Good and Full Day

Today was a pretty great day. I had a very nice morning getting some minor things cleared out of my to-do pile and then met the CERMES technology support person, Dale. Why should that be so terrific? He came by my office to familiarize me with the UWI and CERMES system and see what I might need, technologically speaking. There was a nice matter-of-fact calm about Dale. What was interesting to me, as someone coming from the IT sector in higher ed, is that he is a dedicated staff member for the CERMES program. He doesn't need to be the expert on a variety of software packages or the campus Learning Management System. He supports the use the desktop machines, the computer labs, the projection (from what I can tell), and the campus (or CERMES) server access. It was great working with him. He’s going to load ArcGIS on my desktop machine, plus the extensions I need. I don’t have to do it. Just today, prior to meeting this technology support specialist, I tweeted something not too kind about IT professionals, after reading an article on IT staff and “the way they are.” I have to be a little kinder about the IT support folks.

By the way, I did NOT take any of these photographs. The hawksbill turtle (first photo) is from the Bienvenidos a Bajatortuga site . The leatherback turtle (below) is from Gabriel Malor's blog.

In the middle of being shown the technology facilities at CERMES, a professor came out of a lecture room and said to me and Dale, “there’s a talk on turtle in there. Do you want to learn about marine turtles?” Why yes, I’d love to learn about marine turtles, especially in Barbados. I sat in on a fantastic guest lecture from someone from the Barbados Sea Turtle Project. I learned all about hawksbill turtles (above, in water), green turtles, and leatherbacks (the one in the sand), who seem to be nesting in Barbados right now. I know a bit about leatherbacks from our time in Trinidad. All of these amazing sea turtles are engendered in some classification or another. I hope to be able to participate in a field trip with this same lecturer and the students in the class when they go out to monitor turtle nesting in the near future.

I had to sneak out of the turtle discussion to meet with my new colleague Kim for a planned meeting to discuss her Grenadine MarSIS data. Kim is a PhD candidate at CERMES who is heading up the Grenadine MarSIS project which is a “multi-knowledge Participatory GIS (PGIS) which integrates a range of transboundary information on marine resources, biodiversity and ecosystems of the Grenada Bank together with the social and economic aspects of marine resource use patterns and corresponding activity profiles of its users.” It’s an amazing geospatial, space-use analysis project that I will go into more discussion about over the coming months. I’m working on the Google Earth and web mapping integration of Kim’s collected data. Kim’s blogged during her recent, and final, reach vessel outing, which you should check out.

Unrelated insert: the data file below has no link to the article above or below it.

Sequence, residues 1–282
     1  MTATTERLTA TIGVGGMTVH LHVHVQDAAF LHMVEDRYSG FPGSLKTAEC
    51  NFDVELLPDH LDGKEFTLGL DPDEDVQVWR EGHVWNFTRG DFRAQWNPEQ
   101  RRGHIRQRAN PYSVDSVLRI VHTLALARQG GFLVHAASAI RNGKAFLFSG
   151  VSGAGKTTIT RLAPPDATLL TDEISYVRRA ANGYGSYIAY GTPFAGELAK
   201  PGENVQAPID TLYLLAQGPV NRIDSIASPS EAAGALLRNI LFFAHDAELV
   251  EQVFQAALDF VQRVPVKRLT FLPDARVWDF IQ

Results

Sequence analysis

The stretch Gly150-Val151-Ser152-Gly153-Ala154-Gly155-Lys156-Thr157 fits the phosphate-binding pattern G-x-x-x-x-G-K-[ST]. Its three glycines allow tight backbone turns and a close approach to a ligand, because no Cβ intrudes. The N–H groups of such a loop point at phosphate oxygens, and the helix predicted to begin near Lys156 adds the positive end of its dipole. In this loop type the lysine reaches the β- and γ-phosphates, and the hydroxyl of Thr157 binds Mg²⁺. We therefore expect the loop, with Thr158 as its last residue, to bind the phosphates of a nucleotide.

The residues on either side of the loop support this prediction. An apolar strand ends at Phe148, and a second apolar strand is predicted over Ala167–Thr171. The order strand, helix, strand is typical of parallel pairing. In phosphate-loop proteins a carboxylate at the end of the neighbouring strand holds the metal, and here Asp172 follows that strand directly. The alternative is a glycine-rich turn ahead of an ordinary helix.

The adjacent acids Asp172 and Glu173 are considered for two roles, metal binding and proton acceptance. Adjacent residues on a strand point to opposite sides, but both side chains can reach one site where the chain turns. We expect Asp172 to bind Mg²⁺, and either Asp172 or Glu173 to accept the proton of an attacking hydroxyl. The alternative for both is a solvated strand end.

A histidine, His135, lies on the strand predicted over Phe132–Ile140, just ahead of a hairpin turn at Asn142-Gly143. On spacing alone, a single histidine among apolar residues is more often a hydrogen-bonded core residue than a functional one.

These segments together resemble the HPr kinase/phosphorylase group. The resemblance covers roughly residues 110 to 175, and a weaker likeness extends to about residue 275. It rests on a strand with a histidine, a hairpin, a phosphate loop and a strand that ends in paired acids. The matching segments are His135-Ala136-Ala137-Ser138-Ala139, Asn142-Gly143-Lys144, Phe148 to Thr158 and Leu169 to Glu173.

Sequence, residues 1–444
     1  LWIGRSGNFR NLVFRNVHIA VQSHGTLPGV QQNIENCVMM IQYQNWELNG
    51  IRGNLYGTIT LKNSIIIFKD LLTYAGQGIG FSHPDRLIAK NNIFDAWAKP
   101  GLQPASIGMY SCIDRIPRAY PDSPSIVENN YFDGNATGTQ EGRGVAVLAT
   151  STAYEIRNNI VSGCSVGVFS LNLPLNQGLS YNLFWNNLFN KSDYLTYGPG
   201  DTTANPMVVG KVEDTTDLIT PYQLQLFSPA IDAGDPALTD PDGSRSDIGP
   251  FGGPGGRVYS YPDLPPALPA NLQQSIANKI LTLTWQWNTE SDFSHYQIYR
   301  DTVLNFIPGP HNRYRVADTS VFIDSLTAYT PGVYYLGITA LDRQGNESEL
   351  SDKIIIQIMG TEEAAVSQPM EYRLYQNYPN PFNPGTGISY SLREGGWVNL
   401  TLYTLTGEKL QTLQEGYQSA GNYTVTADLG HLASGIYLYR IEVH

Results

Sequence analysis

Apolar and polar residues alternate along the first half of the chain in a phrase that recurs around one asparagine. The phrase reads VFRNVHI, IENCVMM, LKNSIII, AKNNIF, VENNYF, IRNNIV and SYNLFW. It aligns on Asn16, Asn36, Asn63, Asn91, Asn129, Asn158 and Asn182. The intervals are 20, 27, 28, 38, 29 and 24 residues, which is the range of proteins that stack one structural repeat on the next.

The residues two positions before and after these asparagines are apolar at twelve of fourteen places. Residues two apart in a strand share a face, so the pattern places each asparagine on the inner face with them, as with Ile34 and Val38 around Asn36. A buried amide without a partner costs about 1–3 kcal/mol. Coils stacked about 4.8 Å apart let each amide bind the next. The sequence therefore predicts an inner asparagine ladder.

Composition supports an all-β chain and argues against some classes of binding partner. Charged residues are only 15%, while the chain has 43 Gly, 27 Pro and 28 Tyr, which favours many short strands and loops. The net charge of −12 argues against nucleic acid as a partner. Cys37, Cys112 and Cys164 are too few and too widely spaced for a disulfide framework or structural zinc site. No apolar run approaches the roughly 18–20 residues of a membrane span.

Scooting out of the meeting with Kim to make another meeting, this time with the ChargĂ© d'Affaires ad interim at the U.S. Embassy to Barbados and the Eastern Caribbean. I met Dr. Brent Hardt, we chatted about the Fulbright and what I will be working on, he met my family, we shook hands and took a picture, not with my camera. It was brief and yet, very exciting to be taken so seriously. I also got to meet the person at the Embassy, Juanita, who has been helping me all along the way, after I found out I received the Fulbright award. Juanita’s assistance prior to coming to Barbados was invaluable and helped make the transition very smooth. Oh, one more thing that my family and I got to experience at the Embassy, a security briefing. It got us a little nervous, though it is always wise to stay alert and be sensible. Afterwards, I felt protected. No pictures from my own camera, though. Drat. The photo is of the US Embassy in Barbados and is grabbed from the Embassy's web site. I couldn't take my own photo.

Finally, we ended our evening with a shabbat service at the Shaare Tzedek synagogue. There are about sixteen Jewish families who are members of this congregation (the only Jewish congregation on Barbados, I believe) and for the next 11 months, ours is family number 17. Services were held in a home made into a sanctuary found in a neighborhood. It was lovely. The photo below is from this Jewish Virtual Library site.

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